Advocates: Latest human services budget cuts are callous
HARTFORD — Governor Dannel P. Malloy is getting a lot of push back over new cuts to the state budget.
On Wednesday, human service providers and families called the cuts callous during a press conference.
“This is Jessie,” Dr. Michelle Rivelli said as she showed a picture. “This is my daughter.”
Rivelli said it’s not easy for her to stand in front of people and talk about a person so close to her heart, but she felt compelled to let people know the Governor’s budget cuts are about people.
Jessie has autism and an intellectual disability. She turns 21 on Friday.
“Instead of preparing for her birthday which I would much rather be doing, I spend my time attending meetings, making phone calls, and fighting with the Governor and DDS,” said Rivelli.
Rivelli is, once again, fighting against budget cuts ordered by the Governor.
It’s a back and forth that’s becoming routine.
In February, the Governor ordered rescissions for the state’s upcoming two-year budget.
The legislature restored some of those in June when the budget was passed.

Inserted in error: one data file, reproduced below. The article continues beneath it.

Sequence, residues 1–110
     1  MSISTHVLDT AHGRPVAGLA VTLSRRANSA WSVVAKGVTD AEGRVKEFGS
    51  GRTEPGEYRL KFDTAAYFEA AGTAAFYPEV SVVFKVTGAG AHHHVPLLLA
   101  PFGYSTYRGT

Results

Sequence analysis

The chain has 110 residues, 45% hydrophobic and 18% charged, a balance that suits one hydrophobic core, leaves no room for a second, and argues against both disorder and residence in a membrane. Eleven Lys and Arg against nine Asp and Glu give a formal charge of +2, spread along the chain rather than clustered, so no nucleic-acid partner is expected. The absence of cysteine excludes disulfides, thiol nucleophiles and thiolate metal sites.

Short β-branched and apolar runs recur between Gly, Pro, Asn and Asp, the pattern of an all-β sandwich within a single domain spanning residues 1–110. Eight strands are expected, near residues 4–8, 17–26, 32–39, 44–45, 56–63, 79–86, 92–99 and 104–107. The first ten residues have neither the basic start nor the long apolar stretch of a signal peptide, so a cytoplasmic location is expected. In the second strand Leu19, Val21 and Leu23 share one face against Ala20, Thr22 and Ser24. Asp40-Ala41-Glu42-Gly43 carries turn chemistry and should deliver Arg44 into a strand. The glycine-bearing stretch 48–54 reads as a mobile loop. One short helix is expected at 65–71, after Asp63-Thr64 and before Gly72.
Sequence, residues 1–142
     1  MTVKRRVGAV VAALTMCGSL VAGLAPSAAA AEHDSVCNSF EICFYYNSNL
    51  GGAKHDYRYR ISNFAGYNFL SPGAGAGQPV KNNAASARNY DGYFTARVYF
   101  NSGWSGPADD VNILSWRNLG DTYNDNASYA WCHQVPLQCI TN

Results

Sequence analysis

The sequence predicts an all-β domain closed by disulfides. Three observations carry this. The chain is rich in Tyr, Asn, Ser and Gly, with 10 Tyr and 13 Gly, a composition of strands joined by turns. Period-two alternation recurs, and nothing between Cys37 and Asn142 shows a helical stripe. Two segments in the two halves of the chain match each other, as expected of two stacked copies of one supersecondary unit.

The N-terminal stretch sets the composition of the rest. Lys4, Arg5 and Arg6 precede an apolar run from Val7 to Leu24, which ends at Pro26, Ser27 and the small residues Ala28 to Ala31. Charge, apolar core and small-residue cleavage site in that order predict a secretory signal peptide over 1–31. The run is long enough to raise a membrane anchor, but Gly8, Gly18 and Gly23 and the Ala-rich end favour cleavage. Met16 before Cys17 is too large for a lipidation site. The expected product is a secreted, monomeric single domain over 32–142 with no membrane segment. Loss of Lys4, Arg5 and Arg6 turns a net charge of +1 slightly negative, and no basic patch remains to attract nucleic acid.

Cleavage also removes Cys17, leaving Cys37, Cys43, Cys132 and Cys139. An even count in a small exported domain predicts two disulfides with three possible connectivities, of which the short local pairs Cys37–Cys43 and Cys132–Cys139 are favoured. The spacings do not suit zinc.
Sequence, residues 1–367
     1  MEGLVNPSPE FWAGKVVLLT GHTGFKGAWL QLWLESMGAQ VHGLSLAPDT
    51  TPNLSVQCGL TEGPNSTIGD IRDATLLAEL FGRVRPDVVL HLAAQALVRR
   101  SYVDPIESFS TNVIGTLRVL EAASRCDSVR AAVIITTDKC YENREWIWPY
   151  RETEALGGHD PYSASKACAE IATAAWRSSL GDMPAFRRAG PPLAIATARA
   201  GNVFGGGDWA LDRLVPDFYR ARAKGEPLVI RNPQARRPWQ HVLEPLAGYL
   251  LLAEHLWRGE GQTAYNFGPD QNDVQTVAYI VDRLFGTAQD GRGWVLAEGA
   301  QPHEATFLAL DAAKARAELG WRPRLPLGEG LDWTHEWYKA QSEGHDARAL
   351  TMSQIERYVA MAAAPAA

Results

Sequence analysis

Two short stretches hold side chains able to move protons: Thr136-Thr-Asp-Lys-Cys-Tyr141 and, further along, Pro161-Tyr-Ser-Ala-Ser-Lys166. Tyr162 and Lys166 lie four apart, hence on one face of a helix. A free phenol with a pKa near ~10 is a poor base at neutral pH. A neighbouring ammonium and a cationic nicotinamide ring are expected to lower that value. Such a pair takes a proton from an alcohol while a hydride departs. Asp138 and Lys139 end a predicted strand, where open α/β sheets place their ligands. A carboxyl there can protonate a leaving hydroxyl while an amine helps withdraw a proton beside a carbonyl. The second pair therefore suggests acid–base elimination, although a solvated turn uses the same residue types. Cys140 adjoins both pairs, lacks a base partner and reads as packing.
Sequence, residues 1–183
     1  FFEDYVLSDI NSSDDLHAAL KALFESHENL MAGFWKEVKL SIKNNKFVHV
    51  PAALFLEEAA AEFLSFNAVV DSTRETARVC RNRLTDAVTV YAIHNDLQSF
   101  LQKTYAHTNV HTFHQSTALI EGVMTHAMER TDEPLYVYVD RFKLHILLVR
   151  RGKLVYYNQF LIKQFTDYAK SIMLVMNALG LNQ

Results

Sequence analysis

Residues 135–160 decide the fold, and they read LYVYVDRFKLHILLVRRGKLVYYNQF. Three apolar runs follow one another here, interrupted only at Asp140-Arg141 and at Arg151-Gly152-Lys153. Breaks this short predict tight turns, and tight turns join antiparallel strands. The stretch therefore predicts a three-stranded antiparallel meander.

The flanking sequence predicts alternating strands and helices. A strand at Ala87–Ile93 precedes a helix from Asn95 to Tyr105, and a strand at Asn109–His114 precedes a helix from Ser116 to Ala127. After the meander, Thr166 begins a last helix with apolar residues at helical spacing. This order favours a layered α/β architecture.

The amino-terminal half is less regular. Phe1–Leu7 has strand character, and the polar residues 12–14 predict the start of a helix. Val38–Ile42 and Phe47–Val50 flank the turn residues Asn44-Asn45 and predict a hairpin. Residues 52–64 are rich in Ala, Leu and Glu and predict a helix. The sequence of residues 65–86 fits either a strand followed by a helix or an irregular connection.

Then last week, the Governor said he needed to trim more than $100 million out of the $40 billion two-year budget because of Wall Street volatility.
Human service providers said a $16 million cut would impact some of the state’s most vulnerable.
Human service providers say the cuts will cause:
- service delays
- staff reductions
- fewer services to individuals and families
“I voted for the Governor,” said Rivelli. “I’ve lost a lot of respect for him, I would say, is where I am right now.”
State Representative Cathy Abercrombie (D Berlin & Meriden) says the Governor has a difficult job, but cuts to human services are hard to swallow.
“I’m probably going to be in the hot seat, going against my leadership but you know what, I wasn’t elected to just sit here and say, ‘this is ok,’” said Abercrombie.
Abercrombie, a Democrat, even called for a special session, something Republicans have called for.
Abercrombie said, as a member of the Appropriations Committee, they all know where better cuts can be made.
“I think one of the areas we have to look at is transportation,” said Abercrombie. “We put a lot of money in there and there is no plan in place.”
The Governor’s office responded with a statement:
“Our hearts of course go out to the affected families. However, while we understand there is continued demand for service, it`s important to note that we spend about $1.1 billion per year on these important issues. We have to make difficult decisions and do the fiscally responsible thing while planning for our long-term economic future.”